That’s all that can really be said about the plot without going into full-blown spoiler territory, but I can safely say that what follows is a thought-provoking and visually arresting odyssey into the far reaches of the cosmos but is grounded in its transcendent otherworldliness in the love story between a father and the family he leaves far behind. 

You really don’t need me to tell you how utterly brilliant the special effects are. You’ve probably seen bits of it in the TV spots and trailers, but they absolutely live up to - and exceed- the hype. Nolan, infamous in the industry for having a reputation as a traditional director, (who amongst other things eschews shooting in digital in favor or film and relying as much as possible on practical effects) incredibly managed to shoot a film of such massive scale without the usage of green screen. All the spacecraft were physical models, so nothing really looked cartoony and it conveyed a sense of actually *being* inside the film. It was a refreshing change in an era of cinema that’s dominated by special effects, and I’m looking forward to what J.J. Abrams does with Star Wars: The Force Awakens, a film that similarly utilizes many practical effects. That being said, when the film does use CGI (inevitably for a movie that takes place in space) it’s jaw-dropping. Particular highlights for me would be the initial trip through the wormhole, an amazing, eye-opening, slightly trippy journey that really made you feel as though you were in the spacecraft. Another would be how the black hole, Gargantua, was realized on screen. It is apparently the most accurate depiction of a black hole yet, and the effects crew worked directly with Thorne, using his own equations, to create this massive, spinning illuminated disc. I was awestruck throughout this sequence.  The alien worlds encountered, the water world and ice planet were a spectacle to behold in their terrifying beauty. A tip of the hat to cinematographer Hoyte van Hoytema and production designer Nathan Crowley. Oscar-worthy stuff. In light of all this, and the fact that much of the film was itself shot with IMAX cameras, I’d have to say IMAX is the only proper way to enjoy Interstellar, so do go for that option if you can. It’s definitely worth the slightly more expensive cost of admission. 

Comparisons with Stanley Kubrick’s seminal 2001: A Space Odyssey, are inevitable. Nolan hasn’t been shy to describe the influence 2001 has had on his career, and there are a number of homages throughout the film which harken back to Kubrick. Pre-release hype was dubbing Interstellar “this generation’s 2001” or “the next 2001” and some even “better than 2001”. In retrospect it was probably the hype which led to Interstellar’s rather mixed and decisive reception at the box office, but in my view I do think it’s a worthy spiritual successor. And it’s also worth noting that 2001 received a similarly frosty reception when it was first released, but went on to become a cult classic that is now revered as one of the finest films of all time. Perhaps Interstellar will age like a fine wine, and people will appreciate it more as the years go by. It just seems like that sort of movie.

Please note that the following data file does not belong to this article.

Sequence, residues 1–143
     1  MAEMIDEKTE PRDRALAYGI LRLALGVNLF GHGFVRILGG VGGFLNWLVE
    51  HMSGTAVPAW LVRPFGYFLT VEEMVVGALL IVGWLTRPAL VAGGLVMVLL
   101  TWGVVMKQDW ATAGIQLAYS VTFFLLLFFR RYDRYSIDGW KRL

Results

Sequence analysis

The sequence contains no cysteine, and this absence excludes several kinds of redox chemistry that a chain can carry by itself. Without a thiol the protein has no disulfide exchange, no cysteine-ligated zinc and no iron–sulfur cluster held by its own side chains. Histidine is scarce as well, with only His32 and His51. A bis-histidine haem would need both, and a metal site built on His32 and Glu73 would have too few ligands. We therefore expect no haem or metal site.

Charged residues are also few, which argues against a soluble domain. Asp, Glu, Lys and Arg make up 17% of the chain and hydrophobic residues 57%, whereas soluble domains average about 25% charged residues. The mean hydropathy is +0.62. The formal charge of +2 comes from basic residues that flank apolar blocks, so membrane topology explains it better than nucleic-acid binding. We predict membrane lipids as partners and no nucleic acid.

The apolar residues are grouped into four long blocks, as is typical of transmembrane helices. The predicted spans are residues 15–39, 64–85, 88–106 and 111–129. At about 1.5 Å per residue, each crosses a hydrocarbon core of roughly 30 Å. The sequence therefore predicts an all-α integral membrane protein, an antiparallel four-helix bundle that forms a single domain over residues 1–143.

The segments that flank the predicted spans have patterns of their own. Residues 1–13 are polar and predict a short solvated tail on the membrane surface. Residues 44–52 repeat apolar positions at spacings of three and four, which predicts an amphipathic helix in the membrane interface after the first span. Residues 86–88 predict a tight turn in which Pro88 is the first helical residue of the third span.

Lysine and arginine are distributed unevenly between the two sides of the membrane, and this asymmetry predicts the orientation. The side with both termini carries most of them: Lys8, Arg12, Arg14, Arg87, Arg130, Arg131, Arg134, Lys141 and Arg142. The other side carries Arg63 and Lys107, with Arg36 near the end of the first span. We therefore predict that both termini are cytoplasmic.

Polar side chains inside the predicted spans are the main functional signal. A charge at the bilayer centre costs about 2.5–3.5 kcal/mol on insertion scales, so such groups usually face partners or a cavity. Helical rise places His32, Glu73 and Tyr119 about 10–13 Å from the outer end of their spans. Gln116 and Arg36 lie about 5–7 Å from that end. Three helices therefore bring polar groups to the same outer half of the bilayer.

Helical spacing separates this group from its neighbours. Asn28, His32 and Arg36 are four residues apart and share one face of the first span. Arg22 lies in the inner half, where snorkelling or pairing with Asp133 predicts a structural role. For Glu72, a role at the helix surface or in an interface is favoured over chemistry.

As with all his previous films, Nolan surrounded himself with a phenomenally talented cast. There were no less than 5 Oscar winners and/or nominees, and I really couldn’t find fault with the principal cast. Matthew McConaughey made for a compelling protagonist, and continued his amazing run of form on the back of performances in True Detective and Dallas Buyers Club. As Nolan described, they were looking for a “cowboy” astronaut in the mould of famous American pioneers like Chuck Yeager and Neil Armstrong, and McConaughey pulled it off so well, I simply can’t imagine anyone better in the role. Jessica Chastain was similarly brilliant, with a very nuanced performance. And while I had a few minor complaints about the motivations of Anne Hathaway’s character, there’s no doubt she too was marvelous and played off McConaughey quite well. I’d be remiss if I didn’t mention the actress who played the young Murph, Mackenzie Foy, who had some pretty emotionally charged sequences with McConaughey early in the film, and pulled them off remarkably well for a child actress. And as always, it was lovely seeing Michael Caine, it what is now his sixth collaboration with Nolan. Bill Irwin injects some well-needed comic relief into proceedings in a turn as talkative monolithic robot TARS (what a legend he is). A fairly well-known Hollywood star also pops up in Interstellar’s second act in an extended cameo, though I’ll get to him in the spoiler portion of this review.